A tax lawyer or a certified public accountant who is experienced and familiar with preparation of applications for recognition of exemption should be retained. Form 1023 and the required attachments must be filed within 15 months from the date the corporation was organized to qualify for exemption. If the organization is then approved, the exempt status will be retroactive to the date the organization began doing business, and accordingly, any tax deductible receipts issued would be valid. If Form 1023 is not filed within the 15-month period, then exempt status is
only from the time the application is approved.

Once Form 1023 is complete, it should be submitted to the nearest district office of the IRS where there is a tax-exempt organization division. After submission, the waiting begins. Depending on the completeness of the application and the attachments, and the backlog at the IRS office, the wait will be from six weeks to six months.

During the waiting period, you can expect telephone conferences and letters requesting additional information from the IRS agent assigned to your application in order for him to make the decision as to whether or not the organization is to be granted exempt status. Once the agent is satisfied you meet all requirements based on your application and any additional information provided, your determination letter will be issued.

The determination letter is a two-page document explaining your organization has met the requirements and has been granted the exempt status. Normally this exempt status is a temporary status.

Violations Endanger Status

At the end of your temporary period (advanced ruling period), you will receive a request for additional information from the IRS. Once this is complied with and approved, the exempt status is permanent unless there are violations on the part of the organization.

Violations that endanger the exempt status of the organization include the organization changing its nature of purpose without providing the necessary information to the IRS, interference in political campaigns by the exempt organization, or possible inurement of benefit to an officer, director or employee of the organization. Inurement of benefits is primarily the use of exempt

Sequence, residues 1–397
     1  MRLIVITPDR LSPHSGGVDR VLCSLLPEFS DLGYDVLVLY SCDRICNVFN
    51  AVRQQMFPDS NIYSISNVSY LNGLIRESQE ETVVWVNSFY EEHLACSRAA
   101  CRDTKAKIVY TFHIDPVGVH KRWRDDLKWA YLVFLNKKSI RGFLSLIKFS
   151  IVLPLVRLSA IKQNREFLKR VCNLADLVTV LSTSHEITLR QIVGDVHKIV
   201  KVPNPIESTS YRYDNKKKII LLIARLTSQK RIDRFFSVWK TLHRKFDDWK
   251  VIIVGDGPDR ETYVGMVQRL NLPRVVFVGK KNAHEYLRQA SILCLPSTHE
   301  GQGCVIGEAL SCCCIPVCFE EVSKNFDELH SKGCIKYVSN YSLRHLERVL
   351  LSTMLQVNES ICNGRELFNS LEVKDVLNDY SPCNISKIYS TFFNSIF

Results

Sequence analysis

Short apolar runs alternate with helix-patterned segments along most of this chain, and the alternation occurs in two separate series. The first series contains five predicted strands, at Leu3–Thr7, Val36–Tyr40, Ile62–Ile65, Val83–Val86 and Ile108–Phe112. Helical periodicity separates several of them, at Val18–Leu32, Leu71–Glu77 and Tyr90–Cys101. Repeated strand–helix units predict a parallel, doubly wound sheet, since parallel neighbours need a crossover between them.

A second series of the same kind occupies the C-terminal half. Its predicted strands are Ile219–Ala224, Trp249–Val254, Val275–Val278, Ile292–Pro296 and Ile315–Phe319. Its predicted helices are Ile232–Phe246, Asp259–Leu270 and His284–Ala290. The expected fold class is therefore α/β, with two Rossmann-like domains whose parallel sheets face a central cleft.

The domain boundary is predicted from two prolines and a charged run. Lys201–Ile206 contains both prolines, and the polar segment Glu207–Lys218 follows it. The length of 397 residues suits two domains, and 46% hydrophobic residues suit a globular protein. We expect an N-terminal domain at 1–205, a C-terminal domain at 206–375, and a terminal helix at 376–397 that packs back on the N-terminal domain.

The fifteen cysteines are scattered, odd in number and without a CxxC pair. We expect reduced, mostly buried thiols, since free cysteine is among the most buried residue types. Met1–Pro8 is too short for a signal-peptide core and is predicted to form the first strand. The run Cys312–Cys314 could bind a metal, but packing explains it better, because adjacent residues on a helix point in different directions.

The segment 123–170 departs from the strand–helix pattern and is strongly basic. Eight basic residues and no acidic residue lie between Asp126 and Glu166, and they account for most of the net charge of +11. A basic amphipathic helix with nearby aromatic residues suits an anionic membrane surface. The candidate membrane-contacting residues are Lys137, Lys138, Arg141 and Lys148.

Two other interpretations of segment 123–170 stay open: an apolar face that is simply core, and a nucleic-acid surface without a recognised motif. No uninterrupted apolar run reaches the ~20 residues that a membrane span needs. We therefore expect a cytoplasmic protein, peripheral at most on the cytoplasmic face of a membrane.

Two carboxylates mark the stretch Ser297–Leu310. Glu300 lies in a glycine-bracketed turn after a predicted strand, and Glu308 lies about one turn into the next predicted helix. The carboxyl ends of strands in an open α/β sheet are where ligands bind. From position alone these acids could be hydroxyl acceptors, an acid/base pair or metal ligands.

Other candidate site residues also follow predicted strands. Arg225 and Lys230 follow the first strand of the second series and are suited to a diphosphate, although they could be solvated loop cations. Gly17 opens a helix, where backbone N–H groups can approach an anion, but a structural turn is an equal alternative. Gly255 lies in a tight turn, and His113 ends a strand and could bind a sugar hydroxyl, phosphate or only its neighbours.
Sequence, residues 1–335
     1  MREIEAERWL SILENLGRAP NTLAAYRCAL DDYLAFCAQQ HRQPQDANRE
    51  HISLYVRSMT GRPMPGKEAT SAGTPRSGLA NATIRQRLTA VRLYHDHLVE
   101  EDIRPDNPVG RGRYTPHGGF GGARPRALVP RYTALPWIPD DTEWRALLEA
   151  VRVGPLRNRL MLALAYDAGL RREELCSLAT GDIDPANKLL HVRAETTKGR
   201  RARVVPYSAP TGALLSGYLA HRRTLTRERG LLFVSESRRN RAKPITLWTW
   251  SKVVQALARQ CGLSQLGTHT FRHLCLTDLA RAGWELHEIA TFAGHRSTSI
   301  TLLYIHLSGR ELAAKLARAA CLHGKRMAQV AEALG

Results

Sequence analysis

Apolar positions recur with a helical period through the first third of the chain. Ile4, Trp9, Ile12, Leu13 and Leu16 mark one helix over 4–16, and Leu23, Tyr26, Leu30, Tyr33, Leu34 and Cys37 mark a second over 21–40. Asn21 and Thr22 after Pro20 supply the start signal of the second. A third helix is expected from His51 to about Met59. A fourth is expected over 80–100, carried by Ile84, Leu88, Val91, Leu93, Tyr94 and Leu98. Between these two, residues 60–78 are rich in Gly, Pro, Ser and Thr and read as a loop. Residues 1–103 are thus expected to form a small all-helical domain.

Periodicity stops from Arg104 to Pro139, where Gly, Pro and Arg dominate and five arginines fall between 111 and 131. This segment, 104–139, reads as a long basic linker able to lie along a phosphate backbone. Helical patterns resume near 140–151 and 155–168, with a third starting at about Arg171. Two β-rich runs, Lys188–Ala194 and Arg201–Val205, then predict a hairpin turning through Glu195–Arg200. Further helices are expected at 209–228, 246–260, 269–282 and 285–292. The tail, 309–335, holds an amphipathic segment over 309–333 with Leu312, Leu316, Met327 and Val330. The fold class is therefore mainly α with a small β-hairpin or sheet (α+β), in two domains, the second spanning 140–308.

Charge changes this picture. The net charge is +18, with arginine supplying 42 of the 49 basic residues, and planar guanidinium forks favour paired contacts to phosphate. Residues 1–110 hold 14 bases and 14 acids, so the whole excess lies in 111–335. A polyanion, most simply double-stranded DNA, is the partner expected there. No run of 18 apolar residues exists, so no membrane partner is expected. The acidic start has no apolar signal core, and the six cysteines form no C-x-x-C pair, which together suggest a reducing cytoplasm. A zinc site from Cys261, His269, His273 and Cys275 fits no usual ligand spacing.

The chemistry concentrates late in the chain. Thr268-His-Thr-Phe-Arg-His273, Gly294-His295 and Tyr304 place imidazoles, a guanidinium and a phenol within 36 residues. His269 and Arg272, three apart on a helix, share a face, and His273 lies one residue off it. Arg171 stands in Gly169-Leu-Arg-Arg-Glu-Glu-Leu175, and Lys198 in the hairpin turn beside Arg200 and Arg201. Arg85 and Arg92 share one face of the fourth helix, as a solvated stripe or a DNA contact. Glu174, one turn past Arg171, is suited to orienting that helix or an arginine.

organizations assets for the benefit of any office, director or organization.

The founder of an exempt organization must be extremely careful that a complete set of books and records be maintained on all funds of the organization and be able to prove, upon audit, there has been no benefit to the officers, directors or employees of the organization other than reasonable compensation. At the end of each fiscal year, Form 990, Return of Organization Exempt from Tax, should be filed.

In summary, by taking advantage of current laws, a tax-exempt religious organization can better carry out its ministry because 100 percent of all funds can be used to further the ministry instead of just after-tax dollars being used.

It is critical, however, for the organization to be properly organized, operated and maintained so it remains above reproach in stewardship and in ministry.

James Guinn is a certified public accountant with the firm Guinn, Smith and Associates in Irving, Texas. He has helped more than 100 non-profit corporations receive tax-exempt status from the Internal Revenue Service (IRS).

Guinn earned a bachelor of business administration degree at Midwestern State University in Wichita Falls, Texas, and worked for Arthur Andersen & Company, one of the world’s largest international public accounting firms.

(The above material originally appeared in Ministries Magazine.)

Christian Information Network